his attack. And they fought with their lances until they were bent, and
when that was done they betook them unto swords. And ever the heroes parried
the strokes that were dealt. And when their swords were broken they seized
upon maces, but either hero warded off the blows. And they fought until
that their shields were rent and their helmets dinted with the blows, and
their armour was pierced in many places. And it was a bitter fight. But
the end thereof came not, and they were weary, and neither had gained the
upper hand. So they rested them awhile from combat. But when they were
rested they fell again one on another, and they fought with arrows and
bows. And the arrows of Isfendiyar whizzed through the air and fastened
into the body of Rustem and of Rakush his steed; and twice thirty ar-rows
did Isfendiyar thus send forth, until that Rakush was like to perish from
his wounds. And Rustem also was covered with gore, and no man before this
one had ever done harm unto his body. But the arrows of Rustem had done
no ill unto Isfendiyar, because Zerdusht had charmed his body against all
dangers, so that it was like unto brass.
Now Isfendiyar, when he beheld that Rustem staggered in his seat,
called out unto him to surrender himself into his hands and suffer chains
to be put about his body. But Rustem said-
"Not so, I will meet thee again in the morning," and he turned
and swam across the stream, so that Isfendiyar was amazed, for he knew
that the steed and rider had been sore wounded. And he exulted in his heart,
and he reviled Rustem with his lips, but in his soul he was filled with
wonder at the Pehliva, and his heart went out to him.
Now when Zal and Rudabeh beheld the Pehliva and that he was wounded,
they rent the air with their cries, for never yet was he returned unto
them vanquished, neither had any man done hurt unto the elephant-limbed.
And they wailed sore in their distress, and Rustem joined his lamentations
unto theirs. Then they pondered how they should act, and Zal bethought
him of the Simurgh that had been his nurse, and the feather that she had
given him from her breast that he might call upon her in the day of his
need. So he brought it and cast it into the fire as she had commanded,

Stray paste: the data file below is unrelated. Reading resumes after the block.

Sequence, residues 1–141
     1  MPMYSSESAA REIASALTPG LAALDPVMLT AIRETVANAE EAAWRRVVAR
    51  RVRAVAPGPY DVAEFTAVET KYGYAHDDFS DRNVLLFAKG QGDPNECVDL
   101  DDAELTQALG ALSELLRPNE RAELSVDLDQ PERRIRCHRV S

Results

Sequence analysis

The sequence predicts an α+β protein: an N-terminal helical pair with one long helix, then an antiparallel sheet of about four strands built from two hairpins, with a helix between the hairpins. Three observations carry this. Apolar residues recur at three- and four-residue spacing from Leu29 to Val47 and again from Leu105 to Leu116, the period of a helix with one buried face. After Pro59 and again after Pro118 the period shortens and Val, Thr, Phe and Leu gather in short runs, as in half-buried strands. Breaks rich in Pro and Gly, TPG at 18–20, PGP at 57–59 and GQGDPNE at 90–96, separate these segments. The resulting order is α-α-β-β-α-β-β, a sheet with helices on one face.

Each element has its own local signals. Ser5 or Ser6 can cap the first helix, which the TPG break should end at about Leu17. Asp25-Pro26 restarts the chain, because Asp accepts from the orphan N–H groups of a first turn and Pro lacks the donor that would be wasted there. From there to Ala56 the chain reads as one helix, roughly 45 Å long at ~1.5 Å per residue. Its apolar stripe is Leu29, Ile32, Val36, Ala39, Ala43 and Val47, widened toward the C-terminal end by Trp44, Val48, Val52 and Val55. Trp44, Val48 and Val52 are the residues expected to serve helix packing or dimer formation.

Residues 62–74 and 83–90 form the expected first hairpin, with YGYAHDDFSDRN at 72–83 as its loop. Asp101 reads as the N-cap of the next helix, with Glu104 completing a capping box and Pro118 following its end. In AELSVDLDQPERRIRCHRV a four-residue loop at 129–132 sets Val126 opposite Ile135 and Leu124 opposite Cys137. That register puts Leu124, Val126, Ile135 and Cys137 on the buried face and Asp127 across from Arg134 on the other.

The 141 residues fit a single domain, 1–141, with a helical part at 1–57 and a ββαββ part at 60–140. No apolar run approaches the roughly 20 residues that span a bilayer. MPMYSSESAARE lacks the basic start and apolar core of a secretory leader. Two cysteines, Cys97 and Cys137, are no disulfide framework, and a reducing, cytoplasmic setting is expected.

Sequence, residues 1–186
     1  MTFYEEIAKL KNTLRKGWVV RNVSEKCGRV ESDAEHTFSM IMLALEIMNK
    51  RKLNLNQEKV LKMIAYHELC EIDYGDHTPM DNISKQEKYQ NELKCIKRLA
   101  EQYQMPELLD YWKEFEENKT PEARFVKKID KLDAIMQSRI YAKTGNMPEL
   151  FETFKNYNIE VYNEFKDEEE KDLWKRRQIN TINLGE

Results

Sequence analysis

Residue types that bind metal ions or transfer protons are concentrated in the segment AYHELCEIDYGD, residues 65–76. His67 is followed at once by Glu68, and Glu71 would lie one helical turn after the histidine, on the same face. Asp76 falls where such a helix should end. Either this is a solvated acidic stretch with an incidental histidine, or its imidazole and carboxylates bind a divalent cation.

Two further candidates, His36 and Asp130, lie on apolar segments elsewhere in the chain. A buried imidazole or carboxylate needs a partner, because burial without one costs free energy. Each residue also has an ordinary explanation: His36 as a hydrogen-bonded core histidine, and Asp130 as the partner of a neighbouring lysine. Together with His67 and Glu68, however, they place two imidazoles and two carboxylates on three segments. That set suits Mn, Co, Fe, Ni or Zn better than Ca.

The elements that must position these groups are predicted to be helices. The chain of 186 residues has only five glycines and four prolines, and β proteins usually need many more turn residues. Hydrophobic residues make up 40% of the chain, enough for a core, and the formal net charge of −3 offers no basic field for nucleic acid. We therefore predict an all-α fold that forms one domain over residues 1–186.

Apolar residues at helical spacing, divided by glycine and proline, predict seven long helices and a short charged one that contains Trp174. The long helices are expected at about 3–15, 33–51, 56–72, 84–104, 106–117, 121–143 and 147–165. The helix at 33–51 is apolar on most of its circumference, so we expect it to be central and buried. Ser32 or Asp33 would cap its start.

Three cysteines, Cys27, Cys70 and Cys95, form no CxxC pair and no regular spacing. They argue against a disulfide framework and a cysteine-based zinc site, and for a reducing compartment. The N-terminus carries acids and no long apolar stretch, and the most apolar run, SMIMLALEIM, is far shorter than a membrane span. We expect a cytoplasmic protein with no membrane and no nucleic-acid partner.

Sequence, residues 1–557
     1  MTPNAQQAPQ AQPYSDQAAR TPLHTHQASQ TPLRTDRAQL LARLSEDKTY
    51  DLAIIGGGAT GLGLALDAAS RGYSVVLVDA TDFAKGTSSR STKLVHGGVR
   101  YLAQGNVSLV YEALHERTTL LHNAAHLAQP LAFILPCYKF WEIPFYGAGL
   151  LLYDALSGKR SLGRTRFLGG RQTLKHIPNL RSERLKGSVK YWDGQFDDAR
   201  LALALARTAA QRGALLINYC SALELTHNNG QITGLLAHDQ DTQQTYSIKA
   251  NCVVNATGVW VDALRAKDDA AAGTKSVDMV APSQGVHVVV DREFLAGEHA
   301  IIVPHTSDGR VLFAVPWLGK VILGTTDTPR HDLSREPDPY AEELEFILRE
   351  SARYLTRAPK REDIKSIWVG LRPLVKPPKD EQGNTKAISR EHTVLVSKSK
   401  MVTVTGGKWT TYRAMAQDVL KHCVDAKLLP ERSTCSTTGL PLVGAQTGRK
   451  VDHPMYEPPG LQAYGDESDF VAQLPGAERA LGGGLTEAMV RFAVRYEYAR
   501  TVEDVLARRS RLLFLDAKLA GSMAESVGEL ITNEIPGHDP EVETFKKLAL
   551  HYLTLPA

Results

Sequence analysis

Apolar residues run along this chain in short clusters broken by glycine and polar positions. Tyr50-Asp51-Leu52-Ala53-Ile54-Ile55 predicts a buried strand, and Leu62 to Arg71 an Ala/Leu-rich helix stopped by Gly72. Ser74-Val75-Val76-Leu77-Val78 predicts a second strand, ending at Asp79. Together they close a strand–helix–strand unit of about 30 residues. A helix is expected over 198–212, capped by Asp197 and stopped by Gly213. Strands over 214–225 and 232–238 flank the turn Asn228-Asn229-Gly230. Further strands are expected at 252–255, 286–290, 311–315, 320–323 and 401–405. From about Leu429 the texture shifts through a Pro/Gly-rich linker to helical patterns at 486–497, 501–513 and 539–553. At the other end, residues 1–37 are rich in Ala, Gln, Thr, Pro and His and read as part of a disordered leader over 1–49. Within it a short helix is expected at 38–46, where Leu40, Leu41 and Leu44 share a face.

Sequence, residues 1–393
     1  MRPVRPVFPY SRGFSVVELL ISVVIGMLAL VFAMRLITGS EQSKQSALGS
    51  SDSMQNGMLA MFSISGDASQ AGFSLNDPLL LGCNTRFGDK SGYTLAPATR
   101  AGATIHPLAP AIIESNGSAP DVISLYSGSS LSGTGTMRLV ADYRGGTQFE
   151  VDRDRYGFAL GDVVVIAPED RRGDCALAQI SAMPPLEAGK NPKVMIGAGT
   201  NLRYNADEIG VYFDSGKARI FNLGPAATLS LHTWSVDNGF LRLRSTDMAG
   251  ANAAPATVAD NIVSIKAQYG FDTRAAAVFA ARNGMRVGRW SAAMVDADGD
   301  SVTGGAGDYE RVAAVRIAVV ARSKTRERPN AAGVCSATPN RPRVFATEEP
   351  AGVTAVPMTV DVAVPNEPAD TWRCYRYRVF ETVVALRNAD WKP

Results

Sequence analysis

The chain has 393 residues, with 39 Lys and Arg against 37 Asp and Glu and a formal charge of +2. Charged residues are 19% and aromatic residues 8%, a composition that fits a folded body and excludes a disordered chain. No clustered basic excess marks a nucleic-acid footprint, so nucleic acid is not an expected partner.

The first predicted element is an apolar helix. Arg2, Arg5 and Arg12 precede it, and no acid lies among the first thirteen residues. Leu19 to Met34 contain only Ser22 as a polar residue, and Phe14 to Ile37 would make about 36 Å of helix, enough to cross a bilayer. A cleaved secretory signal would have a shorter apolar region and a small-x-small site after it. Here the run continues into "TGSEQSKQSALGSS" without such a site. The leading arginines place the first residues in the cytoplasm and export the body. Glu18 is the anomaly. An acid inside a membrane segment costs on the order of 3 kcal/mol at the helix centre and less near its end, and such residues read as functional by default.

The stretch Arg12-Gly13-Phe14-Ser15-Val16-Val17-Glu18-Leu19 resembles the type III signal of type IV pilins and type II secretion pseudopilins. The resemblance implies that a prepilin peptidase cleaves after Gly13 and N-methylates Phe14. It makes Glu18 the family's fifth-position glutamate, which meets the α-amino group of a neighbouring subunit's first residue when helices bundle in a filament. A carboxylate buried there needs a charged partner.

and straightway a sound of rushing wings filled the air and the sky was
darkened, and the bird of God stood before Zal. And she spake and said
"O my son, what is come about that thou callest upon thy nurse
that shielded thee?"
Then Zal told her all, and how Rustem was nigh to die of his wounds,
and how Rakush too was sick unto death. Then the Simurgh
"Bring me before them."
And when she had seen them, she passed her wings over their hurts and
forthwith they were whole. Then she spake unto Rustem and questioned him
wherefore he sought to combat the son of the Shah, and Rustem told her.
Then she said-
"Seek yet again to turn Isfendiyar unto thyself; yet if he listen
not unto thy voice, I will reveal unto thee the secrets of Fate. For it
is written that whosoever sheddeth the blood of Isfendiyar, he also shall
perish; and while he liveth he shall not know joy, and in the life to come
he shall suffer pains. But if this fate dismay thee not, go forth with
me and I will teach thee this night how thou shalt close the mouth of thine
Then the Simurgh showed unto Rustem the way he should follow, and
Rustem rode after her, and they halted not until they were come unto the
sea-coast. And the Simurgh led him into a garden wherein grew a tamarisk,
tall and strong, and the roots thereof were in the ground, but the branches
pierced even unto the sky. Then the bird of God bade Rustem break from
the tree a branch that was long and slender, and fashion it into an arrow,
and she said-
"Only through his eyes can Isfendiyar be wounded. If, therefore,
thou wouldst slay him, direct this arrow unto his forehead, and verily
it shall not miss its aim."
Then she exhorted him once more that he bring this matter to a
good end, and she led him on the path of return unto Zaboulistan, and when
he was come there she blessed him and departed from out his
Now when the morning was come, Rustem came unto the camp of Isfendiyar,
and he was mounted upon Rakush his steed. And Isfendiyar slumbered, for
he thought that of a surety Rustem was perished of his wounds. Then Rustem
lifted up his voice, and cried-
"O man, eager to fight, wherefore slumberest thou when Rustem standeth
Now Isfendiyar, when he heard his voice and saw that it was truly
Rustem that stood before him, was amazed, and he said unto his
"This is the deed of Zal the sorcerer."
But unto Rustem he cried, "Make ready for combat; for this day thou
shalt not escape my might. May thy name perish from off the
Then Rustem spake, saying-
"I am not come forth to battle, but to treaty. Turn aside thine heart
from evil, and root out this enmity. Make not, I pray thee, thy soul to